Unaware of the mental deficits of the defendants who appear before them, judges routinely shuttle lead-poisoning victims into the criminal justice system without educational or medical treatments that might help them overcome their affliction.
With more than 1,000 cases of reported lead paint poisoning every year, Baltimore ranks as one of the most toxic cities in America, according to The U.S. Department of Housing and Urban Development.
Research has shown that lead poisoning increases the tendency toward both violence and drug abuse, and a recent University of Pittsburgh study suggests that poisoned children are almost twice as likely to commit crimes.
But the state's criminal justice system collects no data on the lead-poisoning history of criminal defendants. Even juveniles are sentenced without judges ever becoming aware that many have suffered irreversible brain damage in early childhood.
"Lead poisoning is not subtle," said Dr. Gerry Gioia, an expert on brain injuries at Baltimore's Mount Washington Pediatric Hospital.
"In a city like Baltimore, where we have so many kids coming into contact with such a well known and well-documented environmental toxin, it's a major risk factor for brain dysfunction. This is not an academic question, by any means."
Baltimore State's Attorney Patricia C. Jessamy said she has been concerned about the problem for at least two years - ever since she received troubling reports from tutors in a reading program run by her office for first-time, nonviolent juvenile offenders.
Tests revealed that nearly one out of every five kids scored in the range of mild mental retardation or worse.
"That's when my eyes got opened," she said. "These were kids who were acting out in school, were truant, were aggressive, who couldn't read at all.
"We need a system that identifies these children at the moment they are poisoned, and then tracks them all along so services can be delivered to them before they are thrown at the door of the courthouse. By the time they show up here, nobody knows who's been poisoned and who has not."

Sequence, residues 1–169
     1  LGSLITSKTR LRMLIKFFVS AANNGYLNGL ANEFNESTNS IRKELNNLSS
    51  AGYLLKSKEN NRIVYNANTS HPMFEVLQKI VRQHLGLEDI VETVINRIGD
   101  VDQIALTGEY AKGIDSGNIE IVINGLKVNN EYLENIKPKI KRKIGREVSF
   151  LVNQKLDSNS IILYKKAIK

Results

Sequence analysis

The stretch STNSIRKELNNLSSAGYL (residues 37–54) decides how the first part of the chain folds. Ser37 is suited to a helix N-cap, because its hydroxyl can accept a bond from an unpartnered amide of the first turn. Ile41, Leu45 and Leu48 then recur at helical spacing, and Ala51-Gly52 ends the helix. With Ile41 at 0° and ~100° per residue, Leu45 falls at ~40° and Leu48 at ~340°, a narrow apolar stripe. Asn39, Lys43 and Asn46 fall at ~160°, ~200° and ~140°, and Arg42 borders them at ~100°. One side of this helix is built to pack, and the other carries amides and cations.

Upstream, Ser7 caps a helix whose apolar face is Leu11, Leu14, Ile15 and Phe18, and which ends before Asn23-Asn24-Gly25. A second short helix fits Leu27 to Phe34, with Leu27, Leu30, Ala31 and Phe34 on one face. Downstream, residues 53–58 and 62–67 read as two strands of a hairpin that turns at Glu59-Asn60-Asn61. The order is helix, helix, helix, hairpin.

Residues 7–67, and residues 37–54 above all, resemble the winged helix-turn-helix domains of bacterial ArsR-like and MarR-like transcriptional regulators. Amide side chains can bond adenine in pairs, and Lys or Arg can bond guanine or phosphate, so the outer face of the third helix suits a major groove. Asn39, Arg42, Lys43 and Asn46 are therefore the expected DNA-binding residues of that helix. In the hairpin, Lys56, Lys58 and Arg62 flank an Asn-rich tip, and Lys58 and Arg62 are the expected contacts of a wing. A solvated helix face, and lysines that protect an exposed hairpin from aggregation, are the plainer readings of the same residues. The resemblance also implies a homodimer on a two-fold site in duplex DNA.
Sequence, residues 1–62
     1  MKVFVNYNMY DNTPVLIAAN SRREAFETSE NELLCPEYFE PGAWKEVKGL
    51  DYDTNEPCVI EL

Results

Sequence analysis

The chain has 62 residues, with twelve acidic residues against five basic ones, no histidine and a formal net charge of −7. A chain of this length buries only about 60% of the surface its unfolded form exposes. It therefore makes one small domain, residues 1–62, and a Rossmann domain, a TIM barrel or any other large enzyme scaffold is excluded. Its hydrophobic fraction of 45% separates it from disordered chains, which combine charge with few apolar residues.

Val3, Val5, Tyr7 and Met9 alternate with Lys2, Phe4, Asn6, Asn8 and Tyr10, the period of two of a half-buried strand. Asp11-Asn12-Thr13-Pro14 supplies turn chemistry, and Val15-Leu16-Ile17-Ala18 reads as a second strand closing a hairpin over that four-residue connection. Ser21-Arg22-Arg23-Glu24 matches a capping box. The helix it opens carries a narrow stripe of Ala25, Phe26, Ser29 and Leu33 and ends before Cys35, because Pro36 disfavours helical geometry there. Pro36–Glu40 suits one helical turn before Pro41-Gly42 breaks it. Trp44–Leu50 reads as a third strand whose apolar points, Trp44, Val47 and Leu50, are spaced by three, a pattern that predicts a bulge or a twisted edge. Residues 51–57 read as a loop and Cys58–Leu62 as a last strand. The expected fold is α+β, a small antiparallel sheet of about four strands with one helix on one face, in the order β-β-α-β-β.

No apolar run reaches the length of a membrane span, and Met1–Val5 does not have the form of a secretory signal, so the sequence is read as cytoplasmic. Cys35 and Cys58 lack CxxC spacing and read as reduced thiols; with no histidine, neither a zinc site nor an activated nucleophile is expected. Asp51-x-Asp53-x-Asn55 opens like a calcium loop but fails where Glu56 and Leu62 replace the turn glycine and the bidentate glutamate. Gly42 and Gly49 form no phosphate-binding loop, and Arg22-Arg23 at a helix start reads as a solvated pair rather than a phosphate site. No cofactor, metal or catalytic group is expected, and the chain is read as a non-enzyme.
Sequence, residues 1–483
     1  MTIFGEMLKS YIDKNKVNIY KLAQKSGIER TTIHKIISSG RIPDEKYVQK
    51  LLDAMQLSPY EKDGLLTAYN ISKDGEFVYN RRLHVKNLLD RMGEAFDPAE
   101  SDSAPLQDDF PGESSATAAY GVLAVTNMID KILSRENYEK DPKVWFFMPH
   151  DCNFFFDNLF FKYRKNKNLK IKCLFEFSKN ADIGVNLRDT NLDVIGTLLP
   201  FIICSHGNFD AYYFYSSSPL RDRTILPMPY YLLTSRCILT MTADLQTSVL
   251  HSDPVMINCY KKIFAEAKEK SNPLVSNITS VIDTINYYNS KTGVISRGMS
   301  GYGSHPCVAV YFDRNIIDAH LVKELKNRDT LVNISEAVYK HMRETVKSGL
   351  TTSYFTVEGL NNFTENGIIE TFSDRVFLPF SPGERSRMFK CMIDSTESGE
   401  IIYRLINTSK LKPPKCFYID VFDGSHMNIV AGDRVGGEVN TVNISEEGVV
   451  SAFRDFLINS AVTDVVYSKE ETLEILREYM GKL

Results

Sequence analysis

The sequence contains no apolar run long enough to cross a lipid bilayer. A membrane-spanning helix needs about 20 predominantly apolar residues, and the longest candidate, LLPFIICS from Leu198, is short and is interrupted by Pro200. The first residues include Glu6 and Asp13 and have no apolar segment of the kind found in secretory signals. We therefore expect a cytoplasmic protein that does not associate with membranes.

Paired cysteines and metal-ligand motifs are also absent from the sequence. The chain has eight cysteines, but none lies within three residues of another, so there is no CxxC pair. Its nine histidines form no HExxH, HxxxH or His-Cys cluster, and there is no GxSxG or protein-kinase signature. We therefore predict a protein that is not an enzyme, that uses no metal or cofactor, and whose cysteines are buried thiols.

The state's failure to track poisoning victims came to light in an article in The Sun on Sept. 10 about a young woman who developed a long record of arrests for violent crime after suffering severe lead poisoning as a toddler.
Barbie Kress, 31, went on to spend her elementary school years in special education classes before dropping out after the eighth grade. She later made 11 trips through Baltimore's court system - spending weeks in the city Detention Center over the past decade - without anyone noting that her brain had been damaged by lead paint.
"This has blocked generations and generations of little kids from even beginning to function in school, and when they wind up on the street unable to hold a job, we dump them in prison," said Ruth Ann Norton, director of the nonprofit Coalition to End Childhood Lead Poisoning.
"It is astounding that we have not looked at this before now."
Nicholas Conti, deputy director of medical services for the Circuit Court of Baltimore, which performs health background checks on defendants, said his staff of about 15 doctors and caseworkers is so overloaded that medical histories in most cases are cursory at best.
In all but a small fraction of the 3,700 adult and juvenile cases reviewed annually, evaluators depend almost entirely on reports by a defendant's family in compiling a medical history for judges to consider before sentencing.
"We've had kids involved in major hit-and-run accidents - comatose in the hospital with brain trauma for days or even weeks - and it never occurred to the mother to report it as part of the child's medical history," Conti said. "The kid appears in court, gets processed, convicted and sentenced without anyone in the system being made aware of the event.
"Lead paint? That's not even on the radar screen."